Learn to use animals for better effect in a permaculture system.
EXAMPLES OF WHAT YOU WILL DO IN THIS COURSE
- Outline how to plan and prepare zones in relation to animals. Provide step-by-step instructions and accompanying photographs or drawings.
- Visit some outside environment close to your home such as a garden, a park, a piece of bushland or a water course
- Arrange to visit someone who keeps a type of poultry which you are interested in. Ask them how they feed their birds and also ask what are the most common problems they encounter and how they deal with them.
- Water is the basis for aquaculture. What features of water are desirable for fish culture and what are not
There are 8 lessons in this course:
Integrating Animals into a Permaculture System or Garden
Role of Insects and Other Small Animals
Grazing Animals: Sheep, Goats, Pigs, Rabbits
Managing Larger Animals and Wildlife
Aquaculture Production Systems
Aquaculture Species to Grow
Each lesson culminates in an assignment which is submitted to the school, marked by the school's tutors and returned to you with any relevant suggestions, comments, and if necessary, extra reading.
Develop your ability to integrate animals and insect into a complete permaculture design in ways that best utilise animal resources.
Understand the principles behind integration of animals in permaculture systems
Understand the role of insects and other small animals in permaculture systems
Understand the role of poultry and bees in the permaculture system
Develop knowledge of the role of grazing animals in permaculture systems
Understand the role of aquaculture production systems in permaculture
Develop knowledge of the range of aquaculture species available for permaculture systems
Animals will be part of any permaculture system, whether intentionally introduced; or occurring unintentionally .
A well designed permaculture system should always foresee all of the likely animals that might visit or dwell in the system; both unwelcome and welcome, both.
Bees occur all over the world. They are a critical part of the permaculture garden, both because they can provide honey, beeswax and other products; but also because they are critical to pollinating plants. Without bees, more than half of our fruits, vegetables and other food crops would not be productive.
To most people, a bee is thought of as something that lives in a hive, produces honey and can sting you. In reality this only describes some bees.
There are many thousands of different species, and most can be important to pollination. Most of the honey used by man though comes from only two species:
- The Honey Bee (Apis mellifera) and
- The Asian Honey Bee Apis cerana (also called the Oriental Honeybee)
There may be legal restrictions in some places that control the keeping of bees. Hives need to be registered in some jurisdictions. For example, all beehives in Australia need to be registered. Contact your local Department of Agriculture and Fisheries, or Primary Industries for details. In the UK you do not need a license to keep bees but other restrictions do apply such as where you may keep bees, how close to your neighbours and mandatory notification of some pests and disease problems.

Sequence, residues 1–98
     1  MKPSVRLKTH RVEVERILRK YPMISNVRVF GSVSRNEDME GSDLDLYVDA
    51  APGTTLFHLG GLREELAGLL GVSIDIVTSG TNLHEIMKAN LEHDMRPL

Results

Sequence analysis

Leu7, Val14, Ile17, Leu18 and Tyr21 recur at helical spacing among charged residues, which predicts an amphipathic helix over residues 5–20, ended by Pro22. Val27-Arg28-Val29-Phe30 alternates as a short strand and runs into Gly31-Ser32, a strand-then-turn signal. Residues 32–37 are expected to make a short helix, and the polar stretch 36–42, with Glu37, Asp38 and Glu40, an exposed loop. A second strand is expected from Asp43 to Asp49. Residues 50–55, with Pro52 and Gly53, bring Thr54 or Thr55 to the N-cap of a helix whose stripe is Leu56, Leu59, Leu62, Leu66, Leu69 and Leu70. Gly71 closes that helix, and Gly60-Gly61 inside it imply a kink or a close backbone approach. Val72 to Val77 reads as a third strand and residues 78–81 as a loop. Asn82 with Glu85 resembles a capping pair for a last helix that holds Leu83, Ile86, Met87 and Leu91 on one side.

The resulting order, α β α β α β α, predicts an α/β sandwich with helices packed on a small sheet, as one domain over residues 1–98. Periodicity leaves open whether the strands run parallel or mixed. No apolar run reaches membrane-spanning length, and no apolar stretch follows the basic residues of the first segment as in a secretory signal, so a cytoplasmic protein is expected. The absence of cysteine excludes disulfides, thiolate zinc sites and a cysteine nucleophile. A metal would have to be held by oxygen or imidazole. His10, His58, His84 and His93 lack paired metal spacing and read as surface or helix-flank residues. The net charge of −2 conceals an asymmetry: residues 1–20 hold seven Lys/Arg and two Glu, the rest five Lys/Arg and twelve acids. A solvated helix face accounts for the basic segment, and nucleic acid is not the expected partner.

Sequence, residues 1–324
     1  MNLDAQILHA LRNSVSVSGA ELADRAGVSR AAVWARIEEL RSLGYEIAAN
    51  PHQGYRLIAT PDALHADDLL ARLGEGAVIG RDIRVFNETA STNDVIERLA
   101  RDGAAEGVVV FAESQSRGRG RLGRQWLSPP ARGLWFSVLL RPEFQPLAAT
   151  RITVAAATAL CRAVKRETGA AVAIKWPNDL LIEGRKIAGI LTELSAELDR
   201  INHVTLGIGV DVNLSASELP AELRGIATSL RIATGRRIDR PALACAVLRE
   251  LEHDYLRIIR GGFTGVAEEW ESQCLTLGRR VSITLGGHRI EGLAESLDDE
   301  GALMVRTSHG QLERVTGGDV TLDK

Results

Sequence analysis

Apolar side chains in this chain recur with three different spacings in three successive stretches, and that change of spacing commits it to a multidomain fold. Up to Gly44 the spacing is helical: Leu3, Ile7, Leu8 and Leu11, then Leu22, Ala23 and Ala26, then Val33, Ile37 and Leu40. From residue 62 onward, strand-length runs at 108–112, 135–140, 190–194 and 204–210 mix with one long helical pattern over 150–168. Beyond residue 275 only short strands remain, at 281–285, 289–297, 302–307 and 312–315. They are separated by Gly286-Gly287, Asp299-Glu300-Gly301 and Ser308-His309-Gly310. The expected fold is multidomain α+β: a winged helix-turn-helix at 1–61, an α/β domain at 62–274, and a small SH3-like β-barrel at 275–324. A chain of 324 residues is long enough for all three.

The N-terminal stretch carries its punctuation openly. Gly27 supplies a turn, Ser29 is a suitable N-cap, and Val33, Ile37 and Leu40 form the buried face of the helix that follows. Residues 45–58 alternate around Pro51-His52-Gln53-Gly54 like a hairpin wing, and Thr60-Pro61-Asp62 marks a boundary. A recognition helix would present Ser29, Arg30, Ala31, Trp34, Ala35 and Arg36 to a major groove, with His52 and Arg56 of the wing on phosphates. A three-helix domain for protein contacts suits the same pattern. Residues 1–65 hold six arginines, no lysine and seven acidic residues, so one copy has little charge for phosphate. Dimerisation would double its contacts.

Where to Locate Hives
There are several factors to be considered:
- Comfort of the bees: The hive should be sheltered from strong winds, face the morning sun, and preferably be in shade at midday. Hives should be as widely spaced as possible. They should be raised off the ground by at least 45cm to avoid dampness. This also stops toads from jumping up and eating your bees - and these are one of their worst enemies, along with ants.
- Safety of yourself and neighbours: Most people will suffer some localized swelling and itching if stung by a bee, but around 0.5% of people may be much more sensitive to bee venom. In extreme cases the reaction can involve faintness, difficulty breathing and at the extreme, a sting can be life threatening. Sometimes people who have not been previously over sensitive, can develop a significantly heightened allergenic response. If for any reason you or anyone around you may be particularly sensitive (e.g. if you are giving a demonstration of bee keeping to the general public), carry anti-histamine and /or an EpiPen (adrenaline injection) with you for use in any emergency.
- There are some things that upset bees: Rough handling of hives, poor location, storms, end of honey flow, and excessive noise (e.g. lawnmowers). Care should be taken when working your hives not to upset them if possible. Avoid working with them when your neighbours are around. Remember that bees near roads and footpaths can sting passers-by. They will sometimes even fly in the evening towards street lights and houses.
- Water: At different times, bees need water. Although they use very little water during a good honey flow, this need increases in hot weather. If there is no water within half a mile of the site, it needs to be supplied otherwise bees may seek water from neighbouring properties e.g. swimming pools or leaking taps. Place corks, wood, bark or straw on the water's surface so the bees do not drown. Do not site hives around dams or where mustering takes place - cattle can be flighty during mustering.
An ideal site has a hedge or fence at least 2m high between the hives and your neighbour or footpath.